80° 32,042' N, 54° 16,902' E
The following morning, Pekka dinghied to Anne Margareta to take some
photos of their charts as our intention was to stay behind while the other
two boats would continue their journey. I had just undressed and was about to
wash my hair when I heard a BANG from outside: the ice had found us once
again. I really don't know what is wrong with our good boat Sarema but she
acts like a magnet drawing ice towards her whenever we are at anchor. So I
quickly dressed up again, thankful that I hadn't had time to shampoo my
hair yet, and hurried outside with a long pole to push the ice away.
While Pekka was still onboard Anne Margareta, the wind changed its
direction and started blowing straight into our bay pushing more and more
ice towards us. Thus, the only option left for us was to leave with the
other boats and continue about 70 miles further south-west where there was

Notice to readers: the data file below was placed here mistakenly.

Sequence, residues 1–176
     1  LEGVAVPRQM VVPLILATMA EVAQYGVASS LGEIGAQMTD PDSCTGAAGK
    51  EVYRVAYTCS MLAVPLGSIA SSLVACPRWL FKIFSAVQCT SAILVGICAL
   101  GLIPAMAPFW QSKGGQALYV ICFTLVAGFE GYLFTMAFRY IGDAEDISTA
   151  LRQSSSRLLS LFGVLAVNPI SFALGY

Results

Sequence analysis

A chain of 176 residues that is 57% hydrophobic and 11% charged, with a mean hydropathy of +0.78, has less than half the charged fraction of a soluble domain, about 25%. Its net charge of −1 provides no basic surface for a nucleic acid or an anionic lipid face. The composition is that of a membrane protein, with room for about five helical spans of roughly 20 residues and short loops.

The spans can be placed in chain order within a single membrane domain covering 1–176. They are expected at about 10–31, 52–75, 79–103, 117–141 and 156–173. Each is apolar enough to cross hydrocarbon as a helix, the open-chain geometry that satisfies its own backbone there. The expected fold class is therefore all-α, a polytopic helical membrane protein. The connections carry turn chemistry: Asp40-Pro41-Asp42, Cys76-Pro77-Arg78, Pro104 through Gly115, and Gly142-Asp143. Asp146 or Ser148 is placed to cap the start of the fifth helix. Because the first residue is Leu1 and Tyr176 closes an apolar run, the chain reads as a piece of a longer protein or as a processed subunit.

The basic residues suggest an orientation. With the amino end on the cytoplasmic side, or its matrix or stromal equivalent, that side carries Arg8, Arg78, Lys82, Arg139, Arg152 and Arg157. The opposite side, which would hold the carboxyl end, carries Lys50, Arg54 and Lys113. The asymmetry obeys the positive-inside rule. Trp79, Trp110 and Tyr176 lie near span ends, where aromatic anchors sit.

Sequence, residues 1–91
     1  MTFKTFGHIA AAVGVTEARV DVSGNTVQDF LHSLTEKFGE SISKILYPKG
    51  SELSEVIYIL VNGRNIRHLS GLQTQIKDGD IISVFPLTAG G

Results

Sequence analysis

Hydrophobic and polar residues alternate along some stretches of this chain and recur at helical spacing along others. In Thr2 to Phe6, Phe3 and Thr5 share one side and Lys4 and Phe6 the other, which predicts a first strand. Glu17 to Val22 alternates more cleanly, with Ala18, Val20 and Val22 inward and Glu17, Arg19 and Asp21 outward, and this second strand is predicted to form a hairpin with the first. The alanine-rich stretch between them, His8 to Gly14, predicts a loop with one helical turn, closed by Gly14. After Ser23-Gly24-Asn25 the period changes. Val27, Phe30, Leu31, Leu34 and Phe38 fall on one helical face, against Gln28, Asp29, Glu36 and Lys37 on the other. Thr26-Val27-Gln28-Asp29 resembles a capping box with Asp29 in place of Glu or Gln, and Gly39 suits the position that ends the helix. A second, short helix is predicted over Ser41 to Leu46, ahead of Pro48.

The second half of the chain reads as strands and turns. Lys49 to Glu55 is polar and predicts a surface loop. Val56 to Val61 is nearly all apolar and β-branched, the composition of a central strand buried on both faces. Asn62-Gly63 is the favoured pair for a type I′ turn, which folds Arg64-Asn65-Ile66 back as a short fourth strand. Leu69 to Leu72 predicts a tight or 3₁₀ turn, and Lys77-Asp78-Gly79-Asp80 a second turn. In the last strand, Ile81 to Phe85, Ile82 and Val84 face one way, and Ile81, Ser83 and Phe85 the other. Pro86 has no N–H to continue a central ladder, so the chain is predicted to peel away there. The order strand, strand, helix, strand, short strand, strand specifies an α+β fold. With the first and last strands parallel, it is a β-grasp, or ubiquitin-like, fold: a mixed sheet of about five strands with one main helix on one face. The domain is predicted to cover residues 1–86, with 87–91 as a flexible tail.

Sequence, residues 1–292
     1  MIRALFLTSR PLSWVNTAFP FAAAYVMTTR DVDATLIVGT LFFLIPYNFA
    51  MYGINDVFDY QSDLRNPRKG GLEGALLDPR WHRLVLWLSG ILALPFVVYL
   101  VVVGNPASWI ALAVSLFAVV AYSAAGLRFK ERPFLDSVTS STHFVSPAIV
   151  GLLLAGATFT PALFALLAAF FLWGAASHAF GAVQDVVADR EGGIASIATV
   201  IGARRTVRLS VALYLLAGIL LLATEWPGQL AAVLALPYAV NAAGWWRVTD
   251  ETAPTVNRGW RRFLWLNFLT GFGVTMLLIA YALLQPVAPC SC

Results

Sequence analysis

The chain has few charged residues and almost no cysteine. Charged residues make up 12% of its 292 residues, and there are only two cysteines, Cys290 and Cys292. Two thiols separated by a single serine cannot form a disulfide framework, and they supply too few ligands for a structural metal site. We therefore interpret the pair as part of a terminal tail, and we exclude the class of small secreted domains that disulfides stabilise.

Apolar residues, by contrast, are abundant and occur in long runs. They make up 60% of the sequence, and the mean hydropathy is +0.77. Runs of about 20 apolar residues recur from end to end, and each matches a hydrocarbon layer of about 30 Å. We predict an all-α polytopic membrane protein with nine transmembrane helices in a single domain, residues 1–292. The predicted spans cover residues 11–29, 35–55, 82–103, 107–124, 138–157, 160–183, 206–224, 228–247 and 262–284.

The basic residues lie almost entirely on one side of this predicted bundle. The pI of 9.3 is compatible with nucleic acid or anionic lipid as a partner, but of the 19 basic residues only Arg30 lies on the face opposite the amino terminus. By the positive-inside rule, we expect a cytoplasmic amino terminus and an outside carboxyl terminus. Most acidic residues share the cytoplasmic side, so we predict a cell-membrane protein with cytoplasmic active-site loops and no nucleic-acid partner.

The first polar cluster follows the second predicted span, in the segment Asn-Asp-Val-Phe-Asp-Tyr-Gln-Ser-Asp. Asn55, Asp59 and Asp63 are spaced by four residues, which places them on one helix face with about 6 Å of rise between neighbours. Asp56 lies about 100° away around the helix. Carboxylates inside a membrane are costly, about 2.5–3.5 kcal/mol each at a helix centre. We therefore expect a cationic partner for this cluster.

supposed to be a safe anchorage.
Early next morning, we arrived in a huge bay which had a gigantic glacier
on one side and a magnificent bird cliff at its mouth. The problem here
was that the end of the bay was full of drift ice and growlers that
prevented us from anchoring. However, we found a decent anchorage near the
bird cliff and spent the night there. Next morning, Anne Margareta and
Lady Dana weighed their anchors and left but this time, we stayed behind.
Sailing in company had been an interesting experience but not quite our
thing. Although, I must stress that there was nothing wrong with the
company, on the contrary!
Now we are finally on our own and more than happy to be so. With the help of
the copied charts, we will be able to negotiate our way through the rest
of the archipelago and continue to our next destination, the island of